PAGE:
Living Room Series


Now in its 29th year, The Living Room Series is a New Play Development program, which embodies The Blank’s commitment to developing new work by diverse voices from both established and emerging writers. Submissions by women, playwrights of color, and other under-represented voices are strongly encouraged. The Blank is firmly committed to supporting gender parity and diversity.

The Living Room Series (LRS) takes place on Monday evenings at the 2nd Stage Theatre in Hollywood between Labor Day and Memorial Day. LRS offers a week-long rehearsal process for the playwright, director, and actors to explore and refine the play before presenting it to an audience.

The performances are minimally staged, with actors carrying scripts, and are a wonderful opportunity for the playwright to get a sense of the play’s full potential.


All performances begin at 8:00pm and take place at
The Blank’s 2nd Stage Theatre
6500 Santa Monica Blvd, Hollywood
unless otherwise noted.

For reservations click on the button below each play description.

You have the option to donate ahead of time with a credit card.  Every donation counts for both your taxes and our theatre magic.

Don’t fret, you can still make a reservation online and pay cash at the door or nothing at all. We just want you there to see a new play!


Monday December 9th


Written by Dianne Nora

Directed by Christopher James Raymond

Through a series of scenes between Monica Lewinsky and different imagined lovers, this play asks what the cost of intimacy is, how we reckon with our past selves, and what we talk about when we talk about Other Women.

Writer Bio

Dianne Nora is a playwright, theatre scholar, and comedy writer who lives and works in Chicago, Brooklyn, and Dublin, Ireland. Her full-length plays include Notes on Arrival and Departure, Monica: This Play Is Not About Monica Lewinsky (semi-finalist for the O’Neill National Playwrights Conference 2018), Julie (25F), Western Country, In Rooms Such As These, Everybody’s Legs, Wasps (semi-finalist for the O’Neill National Playwrights Conference 2014), Ye That Dwell In Dust, and Prodigal. She recently assisted her mentor Tracy Letts on the world premiere of his play The Minutes, a finalist for the 2018 Pulitzer Prize in Drama. She is co-writing a parody of the Bible with Scott Dikkers, founding editor of The Onion, along with a satirical biography of the entrepreneur Elon Musk, anticipated from Grand Central Publishing this fall. BA: NYU; MPhil: Trinity College Dublin; MFA: Columbia University School of the Arts.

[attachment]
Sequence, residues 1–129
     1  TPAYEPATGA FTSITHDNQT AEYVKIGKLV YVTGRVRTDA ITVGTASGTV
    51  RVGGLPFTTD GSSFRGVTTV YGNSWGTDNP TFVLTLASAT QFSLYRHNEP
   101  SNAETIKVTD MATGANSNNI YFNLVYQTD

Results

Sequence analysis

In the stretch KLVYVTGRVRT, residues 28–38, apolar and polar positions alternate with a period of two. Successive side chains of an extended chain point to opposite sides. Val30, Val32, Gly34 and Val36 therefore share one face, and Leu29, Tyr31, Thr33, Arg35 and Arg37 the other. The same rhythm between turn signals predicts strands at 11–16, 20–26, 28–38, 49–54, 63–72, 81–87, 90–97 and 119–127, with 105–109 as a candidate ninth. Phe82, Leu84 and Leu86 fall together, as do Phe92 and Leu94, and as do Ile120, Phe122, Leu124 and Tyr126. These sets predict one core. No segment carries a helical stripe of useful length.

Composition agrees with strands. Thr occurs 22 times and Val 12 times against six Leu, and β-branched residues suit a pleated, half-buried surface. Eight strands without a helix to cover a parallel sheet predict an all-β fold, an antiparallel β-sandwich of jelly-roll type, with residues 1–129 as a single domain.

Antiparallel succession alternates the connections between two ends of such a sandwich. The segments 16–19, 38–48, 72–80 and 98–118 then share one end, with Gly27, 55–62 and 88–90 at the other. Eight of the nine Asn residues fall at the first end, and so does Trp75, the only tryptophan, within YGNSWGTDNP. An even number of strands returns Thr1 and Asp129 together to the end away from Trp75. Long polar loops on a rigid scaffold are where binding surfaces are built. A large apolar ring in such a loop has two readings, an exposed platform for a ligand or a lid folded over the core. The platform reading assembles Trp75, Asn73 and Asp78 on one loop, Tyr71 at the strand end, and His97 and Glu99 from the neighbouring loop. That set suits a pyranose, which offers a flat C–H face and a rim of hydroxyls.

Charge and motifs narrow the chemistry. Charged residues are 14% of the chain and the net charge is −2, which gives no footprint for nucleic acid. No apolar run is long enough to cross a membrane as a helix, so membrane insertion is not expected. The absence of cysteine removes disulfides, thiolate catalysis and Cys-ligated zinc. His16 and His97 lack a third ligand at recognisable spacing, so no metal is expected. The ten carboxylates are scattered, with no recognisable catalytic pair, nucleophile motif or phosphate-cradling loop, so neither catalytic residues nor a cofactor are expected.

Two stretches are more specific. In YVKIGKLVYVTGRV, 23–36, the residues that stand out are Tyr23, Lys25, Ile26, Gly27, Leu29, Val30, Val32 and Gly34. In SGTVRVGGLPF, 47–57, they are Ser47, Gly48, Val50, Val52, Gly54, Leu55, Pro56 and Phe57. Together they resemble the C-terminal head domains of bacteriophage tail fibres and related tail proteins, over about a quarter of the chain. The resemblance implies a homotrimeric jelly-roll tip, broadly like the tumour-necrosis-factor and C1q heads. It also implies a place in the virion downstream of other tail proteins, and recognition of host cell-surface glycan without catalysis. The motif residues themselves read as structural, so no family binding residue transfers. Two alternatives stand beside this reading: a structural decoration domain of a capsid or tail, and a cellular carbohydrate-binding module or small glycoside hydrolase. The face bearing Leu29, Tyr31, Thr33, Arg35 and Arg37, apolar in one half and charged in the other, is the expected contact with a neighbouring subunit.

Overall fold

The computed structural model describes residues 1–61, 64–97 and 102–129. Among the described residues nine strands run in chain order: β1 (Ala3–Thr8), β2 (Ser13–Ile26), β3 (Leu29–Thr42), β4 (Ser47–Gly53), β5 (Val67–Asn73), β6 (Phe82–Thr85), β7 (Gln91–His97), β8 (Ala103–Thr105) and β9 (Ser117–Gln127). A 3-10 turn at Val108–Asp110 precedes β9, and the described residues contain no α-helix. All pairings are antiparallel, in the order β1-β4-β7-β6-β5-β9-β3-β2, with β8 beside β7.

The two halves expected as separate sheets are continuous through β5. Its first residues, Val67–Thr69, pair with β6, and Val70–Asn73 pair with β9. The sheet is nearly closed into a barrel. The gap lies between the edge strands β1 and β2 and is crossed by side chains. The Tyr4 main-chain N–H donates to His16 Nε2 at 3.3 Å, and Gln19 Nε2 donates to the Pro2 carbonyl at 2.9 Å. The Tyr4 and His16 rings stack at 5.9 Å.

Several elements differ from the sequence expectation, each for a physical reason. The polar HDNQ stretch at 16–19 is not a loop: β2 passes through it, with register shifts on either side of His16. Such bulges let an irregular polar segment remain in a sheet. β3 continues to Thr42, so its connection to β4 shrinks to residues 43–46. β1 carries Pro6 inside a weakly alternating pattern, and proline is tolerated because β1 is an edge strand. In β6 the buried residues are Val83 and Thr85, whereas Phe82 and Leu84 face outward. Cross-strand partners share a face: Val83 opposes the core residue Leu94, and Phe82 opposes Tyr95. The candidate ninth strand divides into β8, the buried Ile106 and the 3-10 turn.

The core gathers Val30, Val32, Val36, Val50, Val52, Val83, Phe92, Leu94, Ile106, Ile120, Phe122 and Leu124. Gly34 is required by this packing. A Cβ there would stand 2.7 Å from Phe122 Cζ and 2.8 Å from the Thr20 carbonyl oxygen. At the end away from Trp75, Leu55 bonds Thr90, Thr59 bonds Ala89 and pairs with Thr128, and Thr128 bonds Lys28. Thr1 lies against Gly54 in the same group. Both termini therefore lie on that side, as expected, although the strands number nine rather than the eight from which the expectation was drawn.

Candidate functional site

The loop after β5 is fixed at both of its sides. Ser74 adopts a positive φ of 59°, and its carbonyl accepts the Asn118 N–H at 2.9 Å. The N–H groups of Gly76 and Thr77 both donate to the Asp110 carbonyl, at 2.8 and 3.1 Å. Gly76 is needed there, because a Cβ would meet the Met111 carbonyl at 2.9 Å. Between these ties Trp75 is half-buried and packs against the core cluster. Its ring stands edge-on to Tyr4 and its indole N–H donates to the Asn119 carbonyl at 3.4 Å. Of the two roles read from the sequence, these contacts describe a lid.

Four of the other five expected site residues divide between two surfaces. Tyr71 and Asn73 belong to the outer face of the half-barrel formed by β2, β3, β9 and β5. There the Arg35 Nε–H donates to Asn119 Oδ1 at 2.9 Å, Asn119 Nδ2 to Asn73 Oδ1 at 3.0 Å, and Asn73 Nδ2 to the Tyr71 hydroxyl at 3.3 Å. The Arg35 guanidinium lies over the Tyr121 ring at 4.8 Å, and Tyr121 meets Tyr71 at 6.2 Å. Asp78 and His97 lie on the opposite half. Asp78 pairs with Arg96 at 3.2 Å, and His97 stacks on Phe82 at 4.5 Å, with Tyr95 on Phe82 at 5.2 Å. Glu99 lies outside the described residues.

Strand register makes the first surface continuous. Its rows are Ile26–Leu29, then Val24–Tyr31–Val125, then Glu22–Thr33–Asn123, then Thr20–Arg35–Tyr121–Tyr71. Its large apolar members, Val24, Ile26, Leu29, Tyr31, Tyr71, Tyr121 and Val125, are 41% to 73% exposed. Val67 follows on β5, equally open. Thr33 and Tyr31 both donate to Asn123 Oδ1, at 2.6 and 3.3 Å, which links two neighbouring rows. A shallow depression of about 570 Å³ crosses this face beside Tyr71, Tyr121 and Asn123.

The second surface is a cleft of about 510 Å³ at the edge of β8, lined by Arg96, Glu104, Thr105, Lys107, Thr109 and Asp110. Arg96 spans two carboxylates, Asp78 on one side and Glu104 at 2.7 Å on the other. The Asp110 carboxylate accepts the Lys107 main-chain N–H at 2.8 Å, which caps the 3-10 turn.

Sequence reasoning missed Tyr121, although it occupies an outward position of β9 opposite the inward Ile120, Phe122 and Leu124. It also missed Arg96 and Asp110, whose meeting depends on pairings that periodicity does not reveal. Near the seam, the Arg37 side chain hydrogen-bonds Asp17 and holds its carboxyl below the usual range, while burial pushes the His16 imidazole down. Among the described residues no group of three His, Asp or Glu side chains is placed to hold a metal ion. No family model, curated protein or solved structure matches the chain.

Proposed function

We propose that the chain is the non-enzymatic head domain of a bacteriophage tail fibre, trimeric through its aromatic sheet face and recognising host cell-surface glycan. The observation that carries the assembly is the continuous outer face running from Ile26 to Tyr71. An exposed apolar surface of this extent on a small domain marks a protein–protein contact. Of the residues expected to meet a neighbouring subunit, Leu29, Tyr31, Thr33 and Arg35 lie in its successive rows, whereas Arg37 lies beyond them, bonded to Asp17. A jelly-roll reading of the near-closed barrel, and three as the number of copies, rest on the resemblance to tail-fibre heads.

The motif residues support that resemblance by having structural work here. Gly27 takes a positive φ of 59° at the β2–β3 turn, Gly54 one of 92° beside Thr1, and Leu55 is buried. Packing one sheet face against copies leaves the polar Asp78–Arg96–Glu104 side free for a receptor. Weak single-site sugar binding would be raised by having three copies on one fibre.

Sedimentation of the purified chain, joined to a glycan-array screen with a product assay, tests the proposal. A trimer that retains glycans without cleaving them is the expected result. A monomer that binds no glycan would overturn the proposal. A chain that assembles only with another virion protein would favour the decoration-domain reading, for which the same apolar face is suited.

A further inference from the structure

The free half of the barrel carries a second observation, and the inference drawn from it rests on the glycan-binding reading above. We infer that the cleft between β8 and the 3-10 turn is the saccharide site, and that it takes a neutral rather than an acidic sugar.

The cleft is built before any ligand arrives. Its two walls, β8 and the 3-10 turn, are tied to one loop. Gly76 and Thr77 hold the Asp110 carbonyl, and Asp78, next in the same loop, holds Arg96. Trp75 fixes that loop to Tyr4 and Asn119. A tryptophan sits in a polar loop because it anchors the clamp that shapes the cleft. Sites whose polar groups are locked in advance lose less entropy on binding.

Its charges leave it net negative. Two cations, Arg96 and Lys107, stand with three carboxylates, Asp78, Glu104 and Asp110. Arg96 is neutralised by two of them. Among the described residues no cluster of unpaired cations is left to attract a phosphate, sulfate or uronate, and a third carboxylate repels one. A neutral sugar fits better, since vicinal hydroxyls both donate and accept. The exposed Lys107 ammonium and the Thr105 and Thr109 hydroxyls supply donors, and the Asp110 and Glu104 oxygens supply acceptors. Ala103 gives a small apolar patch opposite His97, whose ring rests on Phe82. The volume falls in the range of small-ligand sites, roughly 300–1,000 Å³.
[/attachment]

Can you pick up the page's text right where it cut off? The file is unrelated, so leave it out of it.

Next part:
Monday January 20th (MLK DAY) 


Written by LaDarrion Williams 

Directed by Nancy Davis 


A group of young college students set out to create their own black excellence group called “UMOJA” on a predominately white Christian college campus. But when it is sidelined with racial tension, these young people must stand up and fight for what they believe in even when they have to deal with some dark secrets of their own.


Monday January 27th


Written by Leland Frankel 


Still haunted by the death of her Israeli lover, a Lebanese-American film-maker discovers disturbing photographs that throw her perspective of him into question.

Writer Bio: